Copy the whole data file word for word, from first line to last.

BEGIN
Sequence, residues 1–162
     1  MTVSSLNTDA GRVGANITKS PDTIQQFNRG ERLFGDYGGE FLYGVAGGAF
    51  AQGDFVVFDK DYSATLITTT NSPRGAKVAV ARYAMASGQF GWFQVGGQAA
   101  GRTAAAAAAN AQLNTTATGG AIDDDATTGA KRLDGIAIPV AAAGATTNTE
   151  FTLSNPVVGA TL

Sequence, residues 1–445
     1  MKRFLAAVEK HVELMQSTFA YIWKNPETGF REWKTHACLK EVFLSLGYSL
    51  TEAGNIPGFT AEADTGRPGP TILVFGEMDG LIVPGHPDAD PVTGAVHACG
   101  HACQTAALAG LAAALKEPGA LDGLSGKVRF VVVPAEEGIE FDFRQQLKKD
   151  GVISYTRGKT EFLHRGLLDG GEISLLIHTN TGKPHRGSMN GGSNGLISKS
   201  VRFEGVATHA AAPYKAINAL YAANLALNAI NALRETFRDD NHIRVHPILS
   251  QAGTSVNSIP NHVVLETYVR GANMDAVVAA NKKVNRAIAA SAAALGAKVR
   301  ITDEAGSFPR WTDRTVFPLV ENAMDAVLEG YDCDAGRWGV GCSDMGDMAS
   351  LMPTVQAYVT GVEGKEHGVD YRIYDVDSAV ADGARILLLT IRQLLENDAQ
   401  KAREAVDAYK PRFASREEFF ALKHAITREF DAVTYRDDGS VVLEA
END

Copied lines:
Sequence, residues 1–162
     1  MTVSSLNTDA GRVGANITKS PDTIQQFNRG ERLFGDYGGE FLYGVAGGAF
    51  AQGDFVVFDK DYSATLITTT NSPRGAKVAV ARYAMASGQF GWFQVGGQAA
   101  GRTAAAAAAN AQLNTTATGG AIDDDATTGA KRLDGIAIPV AAAGATTNTE
   151  FTLSNPVVGA TL

Sequence, residues 1–445
     1  MKRFLAAVEK HVELMQSTFA YIWKNPETGF REWKTHACLK EVFLSLGYSL
    51  TEAGNIPGFT AEADTGRPGP TILVFGEMDG LIVPGHPDAD PVTGAVHACG
   101  HACQTAALAG LAAALKEPGA LDGLSGKVRF VVVPAEEGIE FDFRQQLKKD
   151  GVISYTRGKT EFLHRGLLDG GEISLLIHTN TGKPHRGSMN GGSNGLISKS
   201  VRFEGVATHA AAPYKAINAL YAANLALNAI NALRETFRDD NHIRVHPILS
   251  QAGTSVNSIP NHVVLETYVR GANMDAVVAA NKKVNRAIAA SAAALGAKVR
   301  ITDEAGSFPR WTDRTVFPLV ENAMDAVLEG YDCDAGRWGV GCSDMGDMAS
   351  LMPTVQAYVT GVEGKEHGVD YRIYDVDSAV ADGARILLLT IRQLLENDAQ
   401  KAREAVDAYK PRFASREEFF ALKHAITREF DAVTYRDDGS VVLEA